a few more points:
    1. Are too many people equating a town as being full of rapists just because a few came from that town?
    2. You might mention UAE provides safe ports of call to over 600 US Navy ships a yr making it the most frequented port of call for US Navy, outside of the USA.
    3. The catch 22 is that by highlighting the foiled attempts, we may create excessive fear among the public, increase drastic government steps, and fuel sterotypes.
    Many typical Americans (and other nations) are not providing adequate information about these issues in the mainstream press..but then again, this also goes towards the point on education reform.
    Thank you. Glad to know about your blog & this forum!

    Reply

  6. Matthew says:

    Wow, is being a mediocrity a requirement for a Presidential Medal of Freedom?

    Reply

  7. pauline says:

    Wayne Madsen —
    December 18, 2006 — Worried that its already sizeable lobbying machine and political and media clout in Washington are not enough to help it recover from the bad press it has encountered as a result of President Carter’s new book, “Palestine: Peace Not Apartheid” and former Secretary of State James Baker’s conclusion in the Iraq Study Group report that a solution to the Israel-Palestine problem must presage a resolution of the Iraq situation, Israel intends to engage a top U.S. public relations firm in a media blitz designed to improve its damaged image in the United States.
    The first indications of the campaign are already underway, with pro-Israeli media elements engaging in vicious personal attacks against Carter, Baker, and emergent Iraq war naysayer Colin Powell on an increase. The Israel supporters on the left, particularly certain well known blogs and particular Democratic leaders, can also be expected to come out strongly against those who favor an immediate military pullout. This has already been evident in Howard Dean, Hillary Clinton, Nancy Pelosi, and Harry Reid distancing themselves from President Carter and other Democrats ridiculing newly-announced presidential candidate Dennis Kucinich, who favors an immediate pullout from Iraq.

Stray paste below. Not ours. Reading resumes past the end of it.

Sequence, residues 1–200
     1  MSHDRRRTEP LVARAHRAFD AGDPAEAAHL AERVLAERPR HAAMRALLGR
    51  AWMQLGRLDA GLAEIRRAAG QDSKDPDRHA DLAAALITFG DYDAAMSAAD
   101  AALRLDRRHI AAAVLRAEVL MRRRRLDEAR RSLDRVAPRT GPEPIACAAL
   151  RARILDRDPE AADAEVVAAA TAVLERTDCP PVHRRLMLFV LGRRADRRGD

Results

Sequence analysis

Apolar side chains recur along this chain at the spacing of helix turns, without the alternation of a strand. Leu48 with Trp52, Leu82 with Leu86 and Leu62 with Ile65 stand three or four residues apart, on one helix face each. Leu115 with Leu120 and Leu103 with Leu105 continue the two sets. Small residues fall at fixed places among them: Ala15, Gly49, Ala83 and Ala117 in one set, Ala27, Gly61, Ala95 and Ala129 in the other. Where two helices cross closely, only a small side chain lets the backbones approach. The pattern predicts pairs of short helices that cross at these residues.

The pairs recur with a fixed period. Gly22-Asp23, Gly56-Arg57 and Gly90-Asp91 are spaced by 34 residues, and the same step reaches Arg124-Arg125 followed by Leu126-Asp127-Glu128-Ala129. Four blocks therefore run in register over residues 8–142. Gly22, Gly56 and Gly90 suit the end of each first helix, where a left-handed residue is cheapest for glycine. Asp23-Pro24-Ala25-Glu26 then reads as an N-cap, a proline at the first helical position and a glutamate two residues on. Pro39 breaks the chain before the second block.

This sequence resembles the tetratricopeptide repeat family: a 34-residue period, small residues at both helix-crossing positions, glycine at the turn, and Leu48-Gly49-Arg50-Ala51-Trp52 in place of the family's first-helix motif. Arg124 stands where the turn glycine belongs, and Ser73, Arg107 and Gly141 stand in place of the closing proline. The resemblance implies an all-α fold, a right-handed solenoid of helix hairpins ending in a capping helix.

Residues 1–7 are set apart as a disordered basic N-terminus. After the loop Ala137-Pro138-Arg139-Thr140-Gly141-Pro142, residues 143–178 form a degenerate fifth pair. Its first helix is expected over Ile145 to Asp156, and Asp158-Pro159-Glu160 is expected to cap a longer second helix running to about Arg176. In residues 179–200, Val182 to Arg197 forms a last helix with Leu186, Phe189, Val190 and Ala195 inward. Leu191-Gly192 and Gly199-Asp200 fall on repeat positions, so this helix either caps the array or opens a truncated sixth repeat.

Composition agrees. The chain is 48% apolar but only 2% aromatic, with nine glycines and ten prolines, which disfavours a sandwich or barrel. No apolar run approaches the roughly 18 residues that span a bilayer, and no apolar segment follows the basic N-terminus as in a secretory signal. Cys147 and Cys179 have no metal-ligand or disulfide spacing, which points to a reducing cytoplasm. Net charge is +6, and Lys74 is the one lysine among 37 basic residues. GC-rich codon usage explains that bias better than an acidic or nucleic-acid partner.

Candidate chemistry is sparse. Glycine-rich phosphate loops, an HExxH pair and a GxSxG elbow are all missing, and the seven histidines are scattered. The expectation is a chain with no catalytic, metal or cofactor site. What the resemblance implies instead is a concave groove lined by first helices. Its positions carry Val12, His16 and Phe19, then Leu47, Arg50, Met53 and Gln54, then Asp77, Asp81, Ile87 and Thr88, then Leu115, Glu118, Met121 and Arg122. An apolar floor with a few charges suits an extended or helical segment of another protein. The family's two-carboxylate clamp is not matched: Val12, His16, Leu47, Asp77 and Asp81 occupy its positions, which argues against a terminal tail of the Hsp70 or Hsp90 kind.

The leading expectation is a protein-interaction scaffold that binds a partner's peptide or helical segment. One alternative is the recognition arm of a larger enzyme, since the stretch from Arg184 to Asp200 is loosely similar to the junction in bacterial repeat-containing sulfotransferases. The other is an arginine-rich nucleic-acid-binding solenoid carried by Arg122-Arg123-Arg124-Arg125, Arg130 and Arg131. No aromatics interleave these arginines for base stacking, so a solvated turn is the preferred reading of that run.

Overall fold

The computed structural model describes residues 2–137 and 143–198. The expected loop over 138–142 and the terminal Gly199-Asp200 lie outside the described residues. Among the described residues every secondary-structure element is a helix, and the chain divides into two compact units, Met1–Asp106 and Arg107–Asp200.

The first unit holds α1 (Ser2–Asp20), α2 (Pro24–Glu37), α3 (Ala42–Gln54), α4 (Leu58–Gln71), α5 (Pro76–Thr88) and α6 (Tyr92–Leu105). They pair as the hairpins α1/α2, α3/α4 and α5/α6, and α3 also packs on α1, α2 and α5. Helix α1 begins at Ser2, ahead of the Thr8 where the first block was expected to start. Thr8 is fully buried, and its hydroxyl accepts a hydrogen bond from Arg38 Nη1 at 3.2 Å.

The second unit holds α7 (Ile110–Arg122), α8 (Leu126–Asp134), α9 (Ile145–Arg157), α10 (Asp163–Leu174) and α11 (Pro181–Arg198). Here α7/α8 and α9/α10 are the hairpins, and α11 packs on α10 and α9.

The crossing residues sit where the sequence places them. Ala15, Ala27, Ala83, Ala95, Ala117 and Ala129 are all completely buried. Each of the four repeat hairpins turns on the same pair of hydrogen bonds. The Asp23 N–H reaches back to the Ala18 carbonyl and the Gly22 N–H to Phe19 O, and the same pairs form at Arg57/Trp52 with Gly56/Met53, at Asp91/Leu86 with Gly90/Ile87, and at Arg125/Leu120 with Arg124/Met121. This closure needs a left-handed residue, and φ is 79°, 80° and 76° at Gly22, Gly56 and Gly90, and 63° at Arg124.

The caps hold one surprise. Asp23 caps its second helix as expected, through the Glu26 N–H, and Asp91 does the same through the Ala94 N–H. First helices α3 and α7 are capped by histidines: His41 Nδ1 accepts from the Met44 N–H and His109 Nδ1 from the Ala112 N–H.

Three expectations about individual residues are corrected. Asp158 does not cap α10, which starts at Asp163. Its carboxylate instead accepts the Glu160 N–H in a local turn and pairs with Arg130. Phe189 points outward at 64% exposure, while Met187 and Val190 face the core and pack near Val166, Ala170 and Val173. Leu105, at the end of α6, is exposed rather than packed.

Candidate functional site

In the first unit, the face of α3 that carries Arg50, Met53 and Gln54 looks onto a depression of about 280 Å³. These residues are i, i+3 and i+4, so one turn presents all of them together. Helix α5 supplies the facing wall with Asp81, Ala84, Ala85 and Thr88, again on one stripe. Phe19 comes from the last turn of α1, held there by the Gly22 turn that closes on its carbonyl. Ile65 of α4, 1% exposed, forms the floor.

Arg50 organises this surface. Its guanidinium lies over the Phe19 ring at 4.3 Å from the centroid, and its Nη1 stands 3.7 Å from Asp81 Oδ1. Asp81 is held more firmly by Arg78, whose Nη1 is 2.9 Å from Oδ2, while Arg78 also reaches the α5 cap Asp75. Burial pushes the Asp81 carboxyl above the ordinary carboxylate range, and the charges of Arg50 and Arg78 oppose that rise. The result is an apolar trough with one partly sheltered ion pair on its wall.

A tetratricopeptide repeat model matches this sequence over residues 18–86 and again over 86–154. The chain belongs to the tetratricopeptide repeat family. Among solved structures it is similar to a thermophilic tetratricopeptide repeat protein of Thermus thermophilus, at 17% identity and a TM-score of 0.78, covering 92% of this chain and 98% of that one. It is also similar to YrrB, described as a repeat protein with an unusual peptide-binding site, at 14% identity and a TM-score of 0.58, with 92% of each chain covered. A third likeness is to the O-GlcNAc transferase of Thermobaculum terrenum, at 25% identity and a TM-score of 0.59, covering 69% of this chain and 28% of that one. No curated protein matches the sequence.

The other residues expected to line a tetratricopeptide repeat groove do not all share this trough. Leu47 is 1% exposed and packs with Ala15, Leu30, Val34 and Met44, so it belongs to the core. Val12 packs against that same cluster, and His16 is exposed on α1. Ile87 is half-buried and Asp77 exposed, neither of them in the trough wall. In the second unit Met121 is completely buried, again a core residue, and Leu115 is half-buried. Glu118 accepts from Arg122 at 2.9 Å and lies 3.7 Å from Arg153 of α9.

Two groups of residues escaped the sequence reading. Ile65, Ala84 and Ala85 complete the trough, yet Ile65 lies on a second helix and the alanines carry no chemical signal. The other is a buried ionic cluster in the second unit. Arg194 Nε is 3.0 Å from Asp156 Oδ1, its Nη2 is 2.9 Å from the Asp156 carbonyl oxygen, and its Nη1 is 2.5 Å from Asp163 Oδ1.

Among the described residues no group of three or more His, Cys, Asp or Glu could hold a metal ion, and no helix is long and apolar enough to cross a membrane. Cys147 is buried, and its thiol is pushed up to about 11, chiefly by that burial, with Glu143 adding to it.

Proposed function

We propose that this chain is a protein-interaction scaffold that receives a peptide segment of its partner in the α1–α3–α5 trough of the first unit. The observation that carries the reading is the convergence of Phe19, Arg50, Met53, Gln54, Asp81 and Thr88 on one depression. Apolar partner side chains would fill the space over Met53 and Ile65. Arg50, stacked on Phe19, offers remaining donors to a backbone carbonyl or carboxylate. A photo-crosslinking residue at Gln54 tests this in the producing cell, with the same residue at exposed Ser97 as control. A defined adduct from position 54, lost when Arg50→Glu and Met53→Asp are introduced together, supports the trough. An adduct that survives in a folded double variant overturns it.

Israel’s government is also keenly aware that with a parade of U.S. senators visiting Damascus to seek Syria’s assistance to end the Iraqi conflagration, Jerusalem is increasingly being seen as obstructionist. President Bush’s decision to stick with the neo-cons and conduct a “surge” military operation in Iraq, with as many as 35,000 to 50,000 troops expected to be deployed, will likely result in a higher U.S. military casualty count. The upcoming trial of two AIPAC officials in a Pentagon espionage case will also cause a public relations problem for Israel. In addition, continuing neo-con influence over the White House will also have a blowback effect on Israel. Rightly or wrongly, Israel’s influence over the Bush administration — most recently seen in the awarding of the Presidential Medal of Freedom on the corrupt right-wing Israeli politician Natan Sharansky — will be seen by many Americans as being ultimately the cause of America’s disastrous involvement in Iraq.

    Reply

  8. Pissed Off American says:

    “shit, pauline. you’re a fucking idiot to keep advancing this anti-semitic bullshit.”
    Posted by winnipeger
    “oftentimes i feel as if i’m being attacked by poa and others on this blog”
    Posted by winnipeger
    =================================================
    Enough said.

    Reply

  9. winnipeger says:

    “P.S. Please distinguish between POA and me in our replies.”
    you have my apologies, matthew. oftentimes i feel as if i’m being attacked by poa and others on this blog and i admit to adopting a defensive stance.
    i agree with you, matthew. “People have basic human rights that are not dependant on good government, wise political leaders, or accidents of history. It doesn’t matter if Israel has a well-developed civil society. That does not justify them occupying Plaestinian land.”
    i agree with you wholeheartedly.

    Reply

  10. Matthew says:

    Winnipeger: You keep moving the goal posts on me. I don’t think the justification for occupying other people’s land is that you have a better court system. As an American lawyer, we like to brag that our legal system is better than anyone else’s. (Is that true, I don’t know.) So I guess I can send in the
    Marines to Winnipeg because we apparently have the court-system advantage.
    A broader response to your points is this. People have basic human rights that are not dependant on good government, wise political leaders, or accidents of history. It doesn’t matter if Israel has a well-developed civil society. That does not justify them occupying Plaestinian land.
    P.S. Please distinguish between POA and me in our replies.
    P.P.S. No one has claimed responsibility fo those child murders in Gaza. So saying that Hamas did it is not evidence. A Hamas member may have done it, but we don’t know yet. 1